Recreational use of a nymphaeum in ancient times

A few weeks ago the Antiochepedia site mentioned that an unspecified Arabic source 1 suggested that skin diseases could be cured by bathing in the town water supply.  This rather horrible idea seemed unusual; but I wonder.

When I was in Leptis Magna, I saw the nymphaeum there.  The temple was essentially a facade onto a massive concrete storage tank, which collected water from the rivers and stored it for use by the city.  Temples of the nymphs are associated with springs, and sources of water in general, and thus with the urban water supply.

This leads me to wonder if this is what we are looking at here in Antioch as well; the miraculous supply of life-giving water being associated with the gods — the nymphs, here — and curative powers associated with the latter?  If so, the procedure above would make more sense.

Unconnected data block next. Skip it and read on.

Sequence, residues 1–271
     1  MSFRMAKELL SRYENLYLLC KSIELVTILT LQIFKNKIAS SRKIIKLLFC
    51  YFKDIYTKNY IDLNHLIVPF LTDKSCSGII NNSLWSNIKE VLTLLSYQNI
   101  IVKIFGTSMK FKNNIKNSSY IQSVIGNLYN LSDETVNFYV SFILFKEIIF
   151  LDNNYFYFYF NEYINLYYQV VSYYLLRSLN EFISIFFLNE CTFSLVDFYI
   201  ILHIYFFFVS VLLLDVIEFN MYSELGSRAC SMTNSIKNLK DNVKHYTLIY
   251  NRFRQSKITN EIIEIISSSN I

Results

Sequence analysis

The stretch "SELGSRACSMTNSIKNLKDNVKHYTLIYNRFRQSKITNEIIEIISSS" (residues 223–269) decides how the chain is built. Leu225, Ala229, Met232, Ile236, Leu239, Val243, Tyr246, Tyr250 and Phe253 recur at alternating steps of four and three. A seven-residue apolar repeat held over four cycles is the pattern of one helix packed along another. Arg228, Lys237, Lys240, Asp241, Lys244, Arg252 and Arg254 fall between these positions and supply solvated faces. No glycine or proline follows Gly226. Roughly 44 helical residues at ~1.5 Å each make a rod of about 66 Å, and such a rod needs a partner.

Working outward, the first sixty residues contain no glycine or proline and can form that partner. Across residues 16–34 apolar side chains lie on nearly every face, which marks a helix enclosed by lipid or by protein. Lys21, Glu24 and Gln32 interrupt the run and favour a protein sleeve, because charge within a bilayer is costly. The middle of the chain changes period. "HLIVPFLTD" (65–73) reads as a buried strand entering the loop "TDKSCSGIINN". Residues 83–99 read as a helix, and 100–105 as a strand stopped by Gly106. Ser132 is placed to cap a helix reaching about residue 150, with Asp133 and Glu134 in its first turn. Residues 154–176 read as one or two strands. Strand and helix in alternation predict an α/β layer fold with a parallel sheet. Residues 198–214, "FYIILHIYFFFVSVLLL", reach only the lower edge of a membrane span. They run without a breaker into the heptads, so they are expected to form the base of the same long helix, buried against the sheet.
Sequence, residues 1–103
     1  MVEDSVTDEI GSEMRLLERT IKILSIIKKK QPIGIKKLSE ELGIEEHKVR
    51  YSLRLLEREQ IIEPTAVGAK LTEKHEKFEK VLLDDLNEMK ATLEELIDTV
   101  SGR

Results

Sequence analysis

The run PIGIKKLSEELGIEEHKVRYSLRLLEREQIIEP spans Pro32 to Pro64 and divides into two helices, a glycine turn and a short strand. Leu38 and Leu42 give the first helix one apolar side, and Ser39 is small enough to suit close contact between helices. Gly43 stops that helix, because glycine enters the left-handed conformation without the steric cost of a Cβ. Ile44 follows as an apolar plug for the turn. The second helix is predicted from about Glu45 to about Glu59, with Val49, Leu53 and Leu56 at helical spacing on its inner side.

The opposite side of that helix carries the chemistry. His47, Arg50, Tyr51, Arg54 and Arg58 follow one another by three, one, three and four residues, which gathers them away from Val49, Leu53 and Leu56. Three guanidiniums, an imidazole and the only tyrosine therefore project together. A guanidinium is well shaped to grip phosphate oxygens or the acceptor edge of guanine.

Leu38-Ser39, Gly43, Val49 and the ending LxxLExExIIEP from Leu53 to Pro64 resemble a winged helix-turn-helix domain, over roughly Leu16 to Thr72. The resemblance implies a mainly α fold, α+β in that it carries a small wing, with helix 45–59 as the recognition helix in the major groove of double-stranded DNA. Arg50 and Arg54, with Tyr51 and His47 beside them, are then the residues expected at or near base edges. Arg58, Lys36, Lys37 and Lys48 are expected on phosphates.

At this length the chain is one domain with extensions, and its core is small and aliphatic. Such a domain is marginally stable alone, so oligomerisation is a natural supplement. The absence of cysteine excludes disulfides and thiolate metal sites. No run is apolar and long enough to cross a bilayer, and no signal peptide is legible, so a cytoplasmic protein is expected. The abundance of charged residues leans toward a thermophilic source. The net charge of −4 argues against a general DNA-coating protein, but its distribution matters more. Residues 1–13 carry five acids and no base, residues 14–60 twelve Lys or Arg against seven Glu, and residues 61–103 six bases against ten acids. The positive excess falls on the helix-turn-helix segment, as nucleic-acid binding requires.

Note: 1.  Antiochepedia doesn’t say what it is, other than ‘Guidi’, but a google search on Antioch and Guidi says that this seems to be a short early Islamic text, much of it fanciful.  I. Guidi, ‘una descrizione araba di Antiocheia’, Rendiconti della R. Accademia dei Lincei, Cl. di scienze morali, storiche e filolgiche, ser. 5, vol 6, pp. 137-161 (1897).  It’s only 24 pages, half of which at least is an Italian translation.  I wish this existed in English.  I wonder what it would cost to translate.  Not a lot, I would guess.


6 thoughts on “Recreational use of a nymphaeum in ancient times

  1. Is there a lot of sulfur or other minerals in the old municipal water supply at Antioch? Or was this a protective deity thing?

  2. Which is what you just said… bah. I’m so tired these days that my fingers live their own life.

  3. I haven’t heard of any curative powers.. the waters did come from springs though at Daphne, a salubrious location south of the city and were brought into the metropolis via two aqueducts..

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